How to Replace Your Lame Stock Brakes with Better Power Stop Brakes

Replace Your Lame Stock Brakes with Better Power Stop Brakes

I was getting that shimmy and shudder, with a dash of squeak.  Any time I hit the brakes, they would emit a pulsing throb, and letting off the pedal would introduce a squeak in similar rhythm.  It was time for some brake work, but instead of simple maintenance, I went for an upgrade.  With Power Stop Brakes.

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All the Tools I Want for Christmas

All the Tools I Want for Christmas

Look, I’m not saying you can’t send me Lego kits, G.I. Joe playsets, and Nerf guns, but the things I wanted when I was 8 aren’t the only things I want anymore.  And since I know none of you cheapskates are going to buy me a ’32 Ford or a BMW M1, here are some of the tools I’d like for Christmas, categorized by winter maintenance needs.

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Are Yellow Fog Lights Really Better?

Are Yellow Fog Lights Really Better?

In our bottomless search for automotive embetterment, we’ve discovered an interesting debate.  Well, interesting to us.  Not to boring people who don’t like cars.  It boils down to this: Are yellow fog lights better in poor weather?  Here in America, we’re about to experience a whole season or two of poor weather (if this stupid summer ever decides to die), so we thought we’d take a closer look at this optical sorcery.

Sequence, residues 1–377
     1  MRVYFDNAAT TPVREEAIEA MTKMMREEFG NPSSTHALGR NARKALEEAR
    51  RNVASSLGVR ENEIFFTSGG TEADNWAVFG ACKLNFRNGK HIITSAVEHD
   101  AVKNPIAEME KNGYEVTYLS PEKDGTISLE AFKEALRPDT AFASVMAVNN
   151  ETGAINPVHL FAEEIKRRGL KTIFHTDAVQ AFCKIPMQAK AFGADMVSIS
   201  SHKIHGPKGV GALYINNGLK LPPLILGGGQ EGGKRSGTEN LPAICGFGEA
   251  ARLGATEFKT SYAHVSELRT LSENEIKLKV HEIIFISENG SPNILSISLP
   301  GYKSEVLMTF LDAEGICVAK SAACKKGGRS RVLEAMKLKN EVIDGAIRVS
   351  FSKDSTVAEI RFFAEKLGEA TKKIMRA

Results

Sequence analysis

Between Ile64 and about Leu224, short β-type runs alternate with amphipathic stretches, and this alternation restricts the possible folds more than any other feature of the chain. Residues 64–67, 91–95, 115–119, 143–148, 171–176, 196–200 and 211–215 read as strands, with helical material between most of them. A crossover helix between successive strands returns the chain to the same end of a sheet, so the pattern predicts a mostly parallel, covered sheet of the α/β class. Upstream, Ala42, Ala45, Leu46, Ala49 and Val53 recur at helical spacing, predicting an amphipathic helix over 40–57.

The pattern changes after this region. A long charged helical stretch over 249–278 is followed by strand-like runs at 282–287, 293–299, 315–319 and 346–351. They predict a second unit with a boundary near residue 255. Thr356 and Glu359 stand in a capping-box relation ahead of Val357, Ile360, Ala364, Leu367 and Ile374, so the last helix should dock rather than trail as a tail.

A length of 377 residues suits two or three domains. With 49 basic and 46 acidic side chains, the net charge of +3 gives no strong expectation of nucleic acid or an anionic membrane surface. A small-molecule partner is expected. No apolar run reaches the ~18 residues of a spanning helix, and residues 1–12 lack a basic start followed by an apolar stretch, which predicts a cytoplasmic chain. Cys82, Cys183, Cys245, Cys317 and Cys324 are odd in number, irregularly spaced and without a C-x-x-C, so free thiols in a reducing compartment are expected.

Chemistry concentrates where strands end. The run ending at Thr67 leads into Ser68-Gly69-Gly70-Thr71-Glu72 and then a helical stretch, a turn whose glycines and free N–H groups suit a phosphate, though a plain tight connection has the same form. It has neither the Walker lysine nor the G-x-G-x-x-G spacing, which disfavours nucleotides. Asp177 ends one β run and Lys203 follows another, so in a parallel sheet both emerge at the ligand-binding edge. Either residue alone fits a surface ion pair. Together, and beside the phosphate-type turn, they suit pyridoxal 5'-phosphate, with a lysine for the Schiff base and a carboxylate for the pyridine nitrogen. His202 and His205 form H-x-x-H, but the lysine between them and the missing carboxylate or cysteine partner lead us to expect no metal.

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How to Pick The Right Color Optima Battery

Optima Batteries are the first major overhaul of automotive power cells since they were invented way back in the dark ages.  They’re more stable at extreme temperatures, have a much longer lifespan, and are extremely vibration resistant, thanks to their unique AGM composition, which also gives them the appearance of six-pack holders.  Which would be a pretty cool promotional idea for Optima.  Anyway, we’re getting off track.  Optimas come in three colors of top and two colors of case, and it can all be a little confusing if you’re new to the brand.  So here’s a quick and easy run down of each type of Optima battery, and which color would suit your vehicle best.